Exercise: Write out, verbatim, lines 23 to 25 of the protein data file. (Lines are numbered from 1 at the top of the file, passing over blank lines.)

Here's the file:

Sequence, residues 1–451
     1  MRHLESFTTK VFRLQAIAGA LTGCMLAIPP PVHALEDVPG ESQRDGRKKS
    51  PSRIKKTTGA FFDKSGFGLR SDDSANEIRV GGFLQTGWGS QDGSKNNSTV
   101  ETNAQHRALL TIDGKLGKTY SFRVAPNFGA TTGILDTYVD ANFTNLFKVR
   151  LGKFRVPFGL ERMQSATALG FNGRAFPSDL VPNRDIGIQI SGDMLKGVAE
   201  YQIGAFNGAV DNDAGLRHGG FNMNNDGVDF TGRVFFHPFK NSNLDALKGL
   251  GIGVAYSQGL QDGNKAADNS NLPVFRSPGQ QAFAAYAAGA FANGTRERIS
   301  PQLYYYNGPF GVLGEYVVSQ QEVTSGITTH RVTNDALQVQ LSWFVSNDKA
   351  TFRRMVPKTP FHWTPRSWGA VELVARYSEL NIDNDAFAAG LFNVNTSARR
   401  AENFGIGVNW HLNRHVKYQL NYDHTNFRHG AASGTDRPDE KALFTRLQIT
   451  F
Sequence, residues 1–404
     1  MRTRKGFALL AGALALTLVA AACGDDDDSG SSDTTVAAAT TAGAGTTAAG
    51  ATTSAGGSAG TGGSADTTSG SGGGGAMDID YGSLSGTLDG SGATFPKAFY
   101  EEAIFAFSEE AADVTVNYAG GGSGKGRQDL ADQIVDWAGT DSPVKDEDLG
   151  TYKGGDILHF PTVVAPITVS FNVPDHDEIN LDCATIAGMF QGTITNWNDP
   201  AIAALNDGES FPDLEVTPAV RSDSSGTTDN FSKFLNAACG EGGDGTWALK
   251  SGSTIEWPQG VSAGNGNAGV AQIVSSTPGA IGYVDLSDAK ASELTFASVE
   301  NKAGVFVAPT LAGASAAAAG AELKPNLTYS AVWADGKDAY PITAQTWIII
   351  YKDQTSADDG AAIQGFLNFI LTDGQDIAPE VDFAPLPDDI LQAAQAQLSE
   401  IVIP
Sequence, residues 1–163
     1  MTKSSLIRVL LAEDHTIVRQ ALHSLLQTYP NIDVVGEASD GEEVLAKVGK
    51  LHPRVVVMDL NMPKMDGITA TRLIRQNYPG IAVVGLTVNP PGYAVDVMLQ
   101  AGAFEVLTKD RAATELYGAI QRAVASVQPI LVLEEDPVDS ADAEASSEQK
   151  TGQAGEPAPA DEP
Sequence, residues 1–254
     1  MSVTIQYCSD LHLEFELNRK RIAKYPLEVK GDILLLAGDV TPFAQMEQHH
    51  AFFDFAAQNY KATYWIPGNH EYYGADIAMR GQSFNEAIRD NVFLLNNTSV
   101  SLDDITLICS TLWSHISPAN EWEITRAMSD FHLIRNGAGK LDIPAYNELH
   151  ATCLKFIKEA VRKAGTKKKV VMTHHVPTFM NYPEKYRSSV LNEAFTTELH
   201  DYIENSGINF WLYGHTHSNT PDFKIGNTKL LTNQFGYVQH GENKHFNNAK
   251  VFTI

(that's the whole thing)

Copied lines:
     1  MTKSSLIRVL LAEDHTIVRQ ALHSLLQTYP NIDVVGEASD GEEVLAKVGK
    51  LHPRVVVMDL NMPKMDGITA TRLIRQNYPG IAVVGLTVNP PGYAVDVMLQ
   101  AGAFEVLTKD RAATELYGAI QRAVASVQPI LVLEEDPVDS ADAEASSEQK